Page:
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Discussion Starter · #1 ·
Hi folks. I'm very new here. Haven't driven slots since I was a young thing. (Don't ask!!!)

I am about to build a digital scalextric track in my man-cave. I guess it will be aroud 120' track length. I am hoping to find some advice regarding cars to run digital. I would like to focus on 1960's era racing. Le Mans and F1. Is there anywhere I can go to buy these things off the shelf? I have been searching online, but can't find enough cars to make a set of 6 le mans and 6 F1. Is it a case of just watching ebay and buying them one at a time? What should I worry about when looking at different makes ie. fly, carrera, scalextric etc. Will they run well together, or should I only run the same make?

The sort of thing I am looking for is GT40, Ferrari P4, Chaparal, Lola T70 Mk3, Porsche carrera 906, Ford 'J' cars and Cobra's (both Daytona and 289/427), plus Jag E-Types etc. Le Mans is 'my thing, but I would also like some circa 1967 F1 cars. Lotus 49, Eagle westlake, Ferrari 312, Cooper climax.... you get the idea?

Any help or pointers would be greatly received.

TIA
Mark
 

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Hi,

A lot of manufacrurers make the cars you are asking about, Slot It, Scalextric and Fly all make (or in Flys case,have made) the GT40. They have also made Chaparals and various Ferrari models. Scalextrix have made a number of the F1 cars you want (also check out Cartrix as they have made a number of vintage F1 cars). If you check the listings at a good retailer (i use Pendle Slot Racing and MRE) they will stock most of the cars you want. Fly and Revell also made a Lola car (Fly ones may be expensive to buy and hard to source if not available from a retailer). NSR also make the GT40 and Porshce 917. Scalextric did make a P4 Ferrari and if you shop around you may be able to find some. Fly also did a number of Ferrari 512 models which you may find again by looking around. If a car is hard to find, check Ebay (preferably as a last resort). Spirit also made some models of the Ferrari 512, but they are hard to find as Spirit may have stopped trading at present.

Hope you enjoy your track, 120' sounds like a great track, hope you can post pics on here soon!

Enjoy!!!

Matthew
 

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Jim Moyes
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Hi Mark and welcome to the forum!

As your request is for cars to run on a digital layout, you may get a more qualified response on the digital section of the forum.

I can move it over to there if you want - just ask!
 

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Discussion Starter · #4 ·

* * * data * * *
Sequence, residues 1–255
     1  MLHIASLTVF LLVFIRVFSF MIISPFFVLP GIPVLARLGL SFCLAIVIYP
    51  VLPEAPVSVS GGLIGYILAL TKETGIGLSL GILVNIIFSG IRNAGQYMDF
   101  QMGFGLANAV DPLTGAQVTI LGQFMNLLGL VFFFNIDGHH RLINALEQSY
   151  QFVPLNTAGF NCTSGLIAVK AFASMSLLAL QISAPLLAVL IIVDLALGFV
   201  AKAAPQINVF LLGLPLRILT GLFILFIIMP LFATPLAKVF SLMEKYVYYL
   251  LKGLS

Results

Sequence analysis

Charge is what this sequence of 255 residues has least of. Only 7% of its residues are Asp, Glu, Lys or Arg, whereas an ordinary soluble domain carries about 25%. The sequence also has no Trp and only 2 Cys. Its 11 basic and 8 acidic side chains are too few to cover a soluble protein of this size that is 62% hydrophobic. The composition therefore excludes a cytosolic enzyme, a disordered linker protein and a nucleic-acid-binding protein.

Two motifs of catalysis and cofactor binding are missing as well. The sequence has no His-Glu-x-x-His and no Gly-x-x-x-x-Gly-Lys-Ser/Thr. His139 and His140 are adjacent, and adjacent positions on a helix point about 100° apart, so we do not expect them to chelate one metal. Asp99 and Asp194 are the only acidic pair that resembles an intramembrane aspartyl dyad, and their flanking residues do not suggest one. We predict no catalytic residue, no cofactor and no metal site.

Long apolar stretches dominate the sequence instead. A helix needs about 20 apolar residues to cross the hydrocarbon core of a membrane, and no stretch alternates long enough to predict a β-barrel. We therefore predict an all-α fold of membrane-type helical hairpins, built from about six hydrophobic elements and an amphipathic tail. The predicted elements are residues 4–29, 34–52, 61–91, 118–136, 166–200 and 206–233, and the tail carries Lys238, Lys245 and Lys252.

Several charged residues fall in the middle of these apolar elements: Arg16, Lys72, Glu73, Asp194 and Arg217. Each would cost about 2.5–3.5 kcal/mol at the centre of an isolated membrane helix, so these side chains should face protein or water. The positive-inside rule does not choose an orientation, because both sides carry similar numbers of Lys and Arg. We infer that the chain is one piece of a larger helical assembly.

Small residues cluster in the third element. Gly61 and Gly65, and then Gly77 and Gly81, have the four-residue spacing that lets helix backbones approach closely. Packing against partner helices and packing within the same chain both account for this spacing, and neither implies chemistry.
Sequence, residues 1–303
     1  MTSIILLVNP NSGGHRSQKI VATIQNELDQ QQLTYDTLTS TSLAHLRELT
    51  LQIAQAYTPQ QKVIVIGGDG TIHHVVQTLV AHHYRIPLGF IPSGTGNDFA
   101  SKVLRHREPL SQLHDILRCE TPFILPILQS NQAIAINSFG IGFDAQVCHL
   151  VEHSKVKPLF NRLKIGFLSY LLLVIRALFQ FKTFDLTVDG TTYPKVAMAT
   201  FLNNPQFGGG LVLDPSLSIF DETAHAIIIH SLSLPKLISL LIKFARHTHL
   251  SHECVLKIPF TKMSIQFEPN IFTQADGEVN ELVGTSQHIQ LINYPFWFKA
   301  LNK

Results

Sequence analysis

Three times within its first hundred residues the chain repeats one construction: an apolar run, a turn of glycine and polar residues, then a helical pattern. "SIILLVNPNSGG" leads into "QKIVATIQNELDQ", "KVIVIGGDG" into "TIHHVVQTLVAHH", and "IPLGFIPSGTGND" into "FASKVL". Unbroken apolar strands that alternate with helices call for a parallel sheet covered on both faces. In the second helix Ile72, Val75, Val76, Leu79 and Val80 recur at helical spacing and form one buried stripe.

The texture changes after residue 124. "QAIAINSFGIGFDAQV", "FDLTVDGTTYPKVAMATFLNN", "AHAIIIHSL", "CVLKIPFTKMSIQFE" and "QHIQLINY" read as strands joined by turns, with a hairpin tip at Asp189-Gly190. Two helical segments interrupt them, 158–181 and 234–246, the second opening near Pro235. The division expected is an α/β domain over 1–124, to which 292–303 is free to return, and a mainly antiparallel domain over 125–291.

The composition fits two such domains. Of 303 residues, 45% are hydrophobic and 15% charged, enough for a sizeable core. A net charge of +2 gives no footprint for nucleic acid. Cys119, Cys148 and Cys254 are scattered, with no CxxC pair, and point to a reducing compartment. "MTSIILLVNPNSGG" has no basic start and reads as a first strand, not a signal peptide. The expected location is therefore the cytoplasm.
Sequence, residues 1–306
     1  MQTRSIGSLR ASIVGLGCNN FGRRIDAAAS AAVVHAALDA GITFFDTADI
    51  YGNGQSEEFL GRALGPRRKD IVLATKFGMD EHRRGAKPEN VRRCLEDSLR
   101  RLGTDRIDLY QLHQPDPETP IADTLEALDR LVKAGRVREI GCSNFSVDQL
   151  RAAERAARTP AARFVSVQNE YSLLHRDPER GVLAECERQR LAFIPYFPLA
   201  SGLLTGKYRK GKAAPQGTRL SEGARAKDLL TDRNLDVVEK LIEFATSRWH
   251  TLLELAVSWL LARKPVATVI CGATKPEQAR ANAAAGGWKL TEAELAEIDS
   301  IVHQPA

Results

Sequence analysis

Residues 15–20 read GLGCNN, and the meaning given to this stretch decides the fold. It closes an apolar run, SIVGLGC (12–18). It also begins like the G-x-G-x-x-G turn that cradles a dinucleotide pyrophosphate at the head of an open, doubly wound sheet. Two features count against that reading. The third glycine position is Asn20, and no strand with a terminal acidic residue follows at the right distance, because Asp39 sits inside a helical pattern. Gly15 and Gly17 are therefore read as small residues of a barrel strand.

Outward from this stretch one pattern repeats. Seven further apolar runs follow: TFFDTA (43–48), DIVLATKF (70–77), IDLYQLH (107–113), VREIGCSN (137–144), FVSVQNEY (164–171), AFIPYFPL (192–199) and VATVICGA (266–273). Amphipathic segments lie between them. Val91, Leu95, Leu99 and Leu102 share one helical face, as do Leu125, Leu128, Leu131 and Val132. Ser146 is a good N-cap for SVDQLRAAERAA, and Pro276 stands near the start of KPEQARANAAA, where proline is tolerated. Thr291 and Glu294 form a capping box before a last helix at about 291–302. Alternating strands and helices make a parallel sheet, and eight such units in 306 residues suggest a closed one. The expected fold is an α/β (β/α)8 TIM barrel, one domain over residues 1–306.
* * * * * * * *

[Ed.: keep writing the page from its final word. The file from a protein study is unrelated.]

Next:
Thanks for the reply and suggestions Mathew. I will post some pics when the layout is up and running.

Mr M, go ahead and move my post to wherever you think best


Cheers
Mark
 

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hi Mark

Just a few notes from my very limited experience.
  • Until your racing group gains some experience, I would suggest going with the leMans cars and leave the open wheelers until later. Just like the real thing, touching wheels in F1 cars results in instant and spectacular accidents, so until the drivers get enough experience under their belts to do close racing without contact, stick with full body cars that allow a bit of bumping and grinding without disrupting proceedings.
  • Most of the major Group C cars from the 60s are avilable at a reasonable price from the on line auction and forums sellers listings, particularly if you don't mind using cars that aren't "new in box". I have picked up GT40s, P3/4 Ferraris, T70 Lolas and Chaparral 2F all under $40.
  • If you want close racing, consider going with a single spec make and model, particularly if you don't want to do extensive "upgrading" to your cars. There is a wide variation in the out of box capabilities from the various makers, and even two different models from the same manufacterer can be significantly different; for example we ran a spec Scalextric GT40 class, I tried a Scalex P4 Ferrari thinking it would make a good addition to the class, but it turned out to be much faster than the Fords
    . Also some cars will need a fair bit of work to become an enjoyable drive (*cough* Fly Lola *cough* - beautiful to look at but not well engineered). A grid with all the big players represented looks great, but unless the cars have been modded to be equal, the racing won't be much fun.
  • Just about any car can have a chip added to digitize it but some much more easily than others. Check the chipping directory to see what's involved for any particular car. Generally if you're going Scalextric digital, I'd suggest starting out with Scalextric cars until you get comfortable with the procedures involved.
  • My suggestion for a start up class would be box stock Scalextric GT40. These are readily available in a wide variety of liveries. The stock tires are a bit slippery, but if everybody uses them everything stays equal
    They are not blindingly fast, so allow new drivers a bit of leeway while learning the ropes. They are pretty easy to add a digital chip - depending on the age of the car it may be digital plug ready (just snap in a new chip and go), use an F1 chip (stand on edge behind the front axle) or a sedan chip (usually requires amputation of the driver at the knees but other than that straightforward). As I said, our local group ran this class and found it to be great fun

Best of luck - have fun.

cheers
Scott